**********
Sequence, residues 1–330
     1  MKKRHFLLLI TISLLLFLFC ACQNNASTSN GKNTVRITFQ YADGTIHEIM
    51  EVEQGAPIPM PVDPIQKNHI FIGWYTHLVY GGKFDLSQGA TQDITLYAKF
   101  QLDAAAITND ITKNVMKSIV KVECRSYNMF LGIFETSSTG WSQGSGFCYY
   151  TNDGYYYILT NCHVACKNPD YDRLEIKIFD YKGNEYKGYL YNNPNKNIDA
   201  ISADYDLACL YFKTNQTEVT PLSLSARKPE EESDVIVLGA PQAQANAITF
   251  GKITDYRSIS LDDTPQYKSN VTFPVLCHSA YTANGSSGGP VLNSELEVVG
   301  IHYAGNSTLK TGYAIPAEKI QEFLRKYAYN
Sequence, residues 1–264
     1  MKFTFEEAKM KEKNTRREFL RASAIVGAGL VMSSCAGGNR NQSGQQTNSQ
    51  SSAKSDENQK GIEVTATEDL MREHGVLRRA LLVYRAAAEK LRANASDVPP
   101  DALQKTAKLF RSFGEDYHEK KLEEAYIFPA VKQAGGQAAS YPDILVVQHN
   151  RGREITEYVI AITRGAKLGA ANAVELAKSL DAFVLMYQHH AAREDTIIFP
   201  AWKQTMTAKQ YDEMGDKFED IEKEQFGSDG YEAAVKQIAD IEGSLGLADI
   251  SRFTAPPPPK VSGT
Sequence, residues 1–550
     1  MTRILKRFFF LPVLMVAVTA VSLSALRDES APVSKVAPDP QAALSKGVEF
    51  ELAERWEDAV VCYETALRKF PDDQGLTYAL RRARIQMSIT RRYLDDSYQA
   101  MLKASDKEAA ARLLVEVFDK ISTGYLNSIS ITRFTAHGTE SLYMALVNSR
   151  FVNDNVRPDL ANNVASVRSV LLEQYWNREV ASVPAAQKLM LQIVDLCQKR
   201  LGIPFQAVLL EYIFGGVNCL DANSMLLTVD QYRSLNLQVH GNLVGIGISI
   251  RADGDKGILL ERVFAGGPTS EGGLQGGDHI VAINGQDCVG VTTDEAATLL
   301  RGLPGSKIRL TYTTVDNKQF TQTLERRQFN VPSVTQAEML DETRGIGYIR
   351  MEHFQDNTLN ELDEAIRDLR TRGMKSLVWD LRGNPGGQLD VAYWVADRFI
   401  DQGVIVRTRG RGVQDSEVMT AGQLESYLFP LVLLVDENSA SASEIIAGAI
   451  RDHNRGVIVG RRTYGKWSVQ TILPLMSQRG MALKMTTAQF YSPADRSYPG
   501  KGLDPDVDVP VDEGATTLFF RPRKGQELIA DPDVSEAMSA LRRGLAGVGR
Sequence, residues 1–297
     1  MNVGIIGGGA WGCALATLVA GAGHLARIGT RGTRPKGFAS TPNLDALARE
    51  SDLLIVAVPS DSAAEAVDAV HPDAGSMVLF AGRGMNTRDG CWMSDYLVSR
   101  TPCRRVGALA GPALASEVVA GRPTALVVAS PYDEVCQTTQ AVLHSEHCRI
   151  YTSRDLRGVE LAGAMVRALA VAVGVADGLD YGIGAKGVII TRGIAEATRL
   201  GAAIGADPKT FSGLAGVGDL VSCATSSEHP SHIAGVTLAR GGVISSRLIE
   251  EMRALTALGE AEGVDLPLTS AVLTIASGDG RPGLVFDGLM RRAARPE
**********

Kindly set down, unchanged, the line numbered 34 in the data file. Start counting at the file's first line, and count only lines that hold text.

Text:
   251  EMRALTALGE AEGVDLPLTS AVLTIASGDG RPGLVFDGLM RRAARPE